Artist’s impression of LISA Pathfinder in low-Earth orbit, after separation from the upper stage of the Vega rocket, showing how the spacecraft will gradually raise the highest point of the orbit using its own separable propulsion module.
LISA Pathfinder will operate from a vantage point in space about 1.5 million km from Earth towards the Sun, orbiting the first Sun–Earth Lagrangian point, L1. There, it will test key technologies for space-based observation of gravitational waves – ripples in the fabric of spacetime that are predicted by Albert Einstein’s general theory of relativity.
credit : ESA/ATG medialab
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LISA Pathfinder en route to gravitational wave demonstration
ESA’s LISA Pathfinder lifted off earlier today on a Vega rocket from Europe’s spaceport in Kourou, French Guiana, on its way to demonstrate technology for observing gravitational waves from space.
Gravitational waves are ripples in the fabric of spacetime, predicted a century ago by Albert Einstein’s General Theory of Relativity, published on 2 December 1915.
Einstein’s theory predicts that these fluctuations should be universal, generated by accelerating massive objects. However, they have not been directly detected to date because they are so tiny. For example, the ripples emitted by a pair of orbiting black holes would stretch a million kilometre-long ruler by less than the size of an atom.
LISA Pathfinder will test the extraordinary technology needed to observe gravitational waves from space. At its core is a pair of identical 46 mm gold–platinum cubes separated by 38 cm, which will be isolated from all external and internal forces acting on them except one: gravity.
The mission will put these cubes in the purest free-fall ever produced in space and monitor their relative positions to astonishing precision, laying the foundations for gravitational wave observatories in space.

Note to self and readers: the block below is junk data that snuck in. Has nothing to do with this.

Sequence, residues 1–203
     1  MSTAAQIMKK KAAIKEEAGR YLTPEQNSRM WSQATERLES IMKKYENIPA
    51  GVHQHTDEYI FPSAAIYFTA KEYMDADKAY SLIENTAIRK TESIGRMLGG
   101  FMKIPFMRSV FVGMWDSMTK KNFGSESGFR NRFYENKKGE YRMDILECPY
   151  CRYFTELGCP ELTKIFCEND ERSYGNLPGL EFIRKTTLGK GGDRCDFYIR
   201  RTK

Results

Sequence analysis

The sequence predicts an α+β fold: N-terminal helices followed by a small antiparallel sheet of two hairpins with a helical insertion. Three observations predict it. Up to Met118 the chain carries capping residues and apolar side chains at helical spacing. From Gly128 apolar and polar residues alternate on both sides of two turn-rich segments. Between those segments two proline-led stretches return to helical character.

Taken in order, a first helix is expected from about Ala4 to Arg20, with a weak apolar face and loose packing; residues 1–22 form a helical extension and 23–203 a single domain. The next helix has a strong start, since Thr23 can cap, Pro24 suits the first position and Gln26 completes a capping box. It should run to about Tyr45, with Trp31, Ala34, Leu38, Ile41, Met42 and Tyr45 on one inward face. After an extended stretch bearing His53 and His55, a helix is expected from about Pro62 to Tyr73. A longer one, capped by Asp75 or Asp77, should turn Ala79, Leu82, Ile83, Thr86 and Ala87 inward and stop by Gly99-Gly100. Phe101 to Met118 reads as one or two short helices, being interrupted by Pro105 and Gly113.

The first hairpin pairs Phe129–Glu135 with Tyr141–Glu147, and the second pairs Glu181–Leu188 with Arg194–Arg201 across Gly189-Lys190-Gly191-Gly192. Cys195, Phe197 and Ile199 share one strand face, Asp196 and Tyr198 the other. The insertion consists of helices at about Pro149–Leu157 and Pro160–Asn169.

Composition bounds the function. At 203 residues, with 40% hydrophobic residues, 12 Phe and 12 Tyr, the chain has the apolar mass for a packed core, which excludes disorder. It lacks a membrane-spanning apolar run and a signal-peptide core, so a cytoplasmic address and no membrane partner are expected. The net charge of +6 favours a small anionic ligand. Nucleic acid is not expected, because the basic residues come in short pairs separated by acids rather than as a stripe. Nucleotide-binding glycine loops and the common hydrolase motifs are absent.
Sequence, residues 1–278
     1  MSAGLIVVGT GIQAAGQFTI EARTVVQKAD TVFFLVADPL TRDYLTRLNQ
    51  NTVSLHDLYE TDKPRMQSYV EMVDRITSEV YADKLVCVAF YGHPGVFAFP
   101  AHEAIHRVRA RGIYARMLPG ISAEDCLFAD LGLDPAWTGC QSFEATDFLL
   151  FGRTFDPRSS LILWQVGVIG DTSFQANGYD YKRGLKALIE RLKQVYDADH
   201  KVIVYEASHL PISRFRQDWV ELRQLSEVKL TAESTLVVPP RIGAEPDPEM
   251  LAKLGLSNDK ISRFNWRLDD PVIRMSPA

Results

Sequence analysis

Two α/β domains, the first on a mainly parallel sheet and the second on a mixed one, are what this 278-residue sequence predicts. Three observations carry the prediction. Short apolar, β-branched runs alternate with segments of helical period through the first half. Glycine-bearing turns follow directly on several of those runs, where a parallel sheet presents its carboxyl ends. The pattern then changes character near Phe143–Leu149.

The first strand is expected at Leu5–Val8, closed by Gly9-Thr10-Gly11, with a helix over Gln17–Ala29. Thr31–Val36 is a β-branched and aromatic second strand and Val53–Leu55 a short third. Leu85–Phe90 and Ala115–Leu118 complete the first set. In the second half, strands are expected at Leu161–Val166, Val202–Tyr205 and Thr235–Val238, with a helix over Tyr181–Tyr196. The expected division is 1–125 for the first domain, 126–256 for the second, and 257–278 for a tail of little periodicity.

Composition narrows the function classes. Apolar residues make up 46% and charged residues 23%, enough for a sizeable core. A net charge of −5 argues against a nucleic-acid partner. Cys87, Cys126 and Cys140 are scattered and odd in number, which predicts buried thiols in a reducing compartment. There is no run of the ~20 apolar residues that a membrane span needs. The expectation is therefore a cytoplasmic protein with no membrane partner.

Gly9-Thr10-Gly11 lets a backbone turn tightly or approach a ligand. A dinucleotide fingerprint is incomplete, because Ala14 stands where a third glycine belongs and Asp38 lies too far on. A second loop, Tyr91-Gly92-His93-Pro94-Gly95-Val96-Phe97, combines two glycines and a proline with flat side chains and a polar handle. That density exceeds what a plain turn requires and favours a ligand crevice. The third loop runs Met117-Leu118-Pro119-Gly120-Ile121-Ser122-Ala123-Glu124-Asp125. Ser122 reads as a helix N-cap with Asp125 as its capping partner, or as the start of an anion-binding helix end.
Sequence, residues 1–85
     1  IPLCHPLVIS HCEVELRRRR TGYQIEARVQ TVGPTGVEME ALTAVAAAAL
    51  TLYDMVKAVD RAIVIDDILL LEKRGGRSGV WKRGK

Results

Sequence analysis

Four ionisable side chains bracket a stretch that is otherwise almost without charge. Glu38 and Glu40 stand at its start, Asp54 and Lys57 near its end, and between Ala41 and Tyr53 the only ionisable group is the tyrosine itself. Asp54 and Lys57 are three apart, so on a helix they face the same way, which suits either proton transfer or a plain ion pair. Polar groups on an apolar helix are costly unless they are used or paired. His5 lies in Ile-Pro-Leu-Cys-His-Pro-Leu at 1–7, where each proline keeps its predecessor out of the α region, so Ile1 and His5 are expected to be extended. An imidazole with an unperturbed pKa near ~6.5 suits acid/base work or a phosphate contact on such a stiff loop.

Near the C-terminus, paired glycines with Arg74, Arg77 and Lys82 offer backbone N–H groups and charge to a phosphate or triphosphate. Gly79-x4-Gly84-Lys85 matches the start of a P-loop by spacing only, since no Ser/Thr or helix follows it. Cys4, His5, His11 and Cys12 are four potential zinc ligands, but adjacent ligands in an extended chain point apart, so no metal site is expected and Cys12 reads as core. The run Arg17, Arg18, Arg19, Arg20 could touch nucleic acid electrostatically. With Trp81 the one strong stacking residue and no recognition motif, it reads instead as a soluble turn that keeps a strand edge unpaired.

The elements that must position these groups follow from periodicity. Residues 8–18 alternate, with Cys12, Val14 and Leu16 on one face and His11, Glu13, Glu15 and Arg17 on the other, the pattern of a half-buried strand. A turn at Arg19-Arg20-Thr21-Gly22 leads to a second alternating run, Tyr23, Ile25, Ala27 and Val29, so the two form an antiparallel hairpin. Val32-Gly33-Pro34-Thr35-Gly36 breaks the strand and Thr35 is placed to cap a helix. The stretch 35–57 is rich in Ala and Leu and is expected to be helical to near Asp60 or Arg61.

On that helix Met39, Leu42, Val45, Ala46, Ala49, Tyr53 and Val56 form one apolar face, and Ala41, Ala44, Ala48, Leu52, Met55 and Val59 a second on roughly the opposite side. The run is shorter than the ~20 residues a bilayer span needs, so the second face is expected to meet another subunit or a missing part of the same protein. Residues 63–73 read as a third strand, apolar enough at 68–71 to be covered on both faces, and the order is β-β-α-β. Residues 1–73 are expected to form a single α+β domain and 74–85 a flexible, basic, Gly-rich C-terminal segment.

Such future missions will be key partners to the ground sites already searching for these elusive cosmic messengers. Space and ground experiments are sensitive to different sources of gravitational waves, both opening up new possibilities to study some of the most powerful phenomena in the Universe.
The Vega launcher lifted off at 04:04 GMT (05:04 CET). About seven minutes later, after separation of the first three stages, the first ignition of Vega’s upper stage propelled LISA Pathfinder into a low orbit, followed by another ignition about one hour and forty minutes into the flight.
The spacecraft separated from the upper stage at 05:49 GMT (06:49 CET). Controllers at ESA’s operations centre in Darmstadt, Germany then established control.
Over the next two weeks, the spacecraft itself will raise the orbit’s highest point in six critical burns.
The final burn will propel the spacecraft towards its operational location, orbiting around a stable virtual point in space called L1, some 1.5 million kilometres from Earth towards the Sun.
source : European Space Agency (ESA)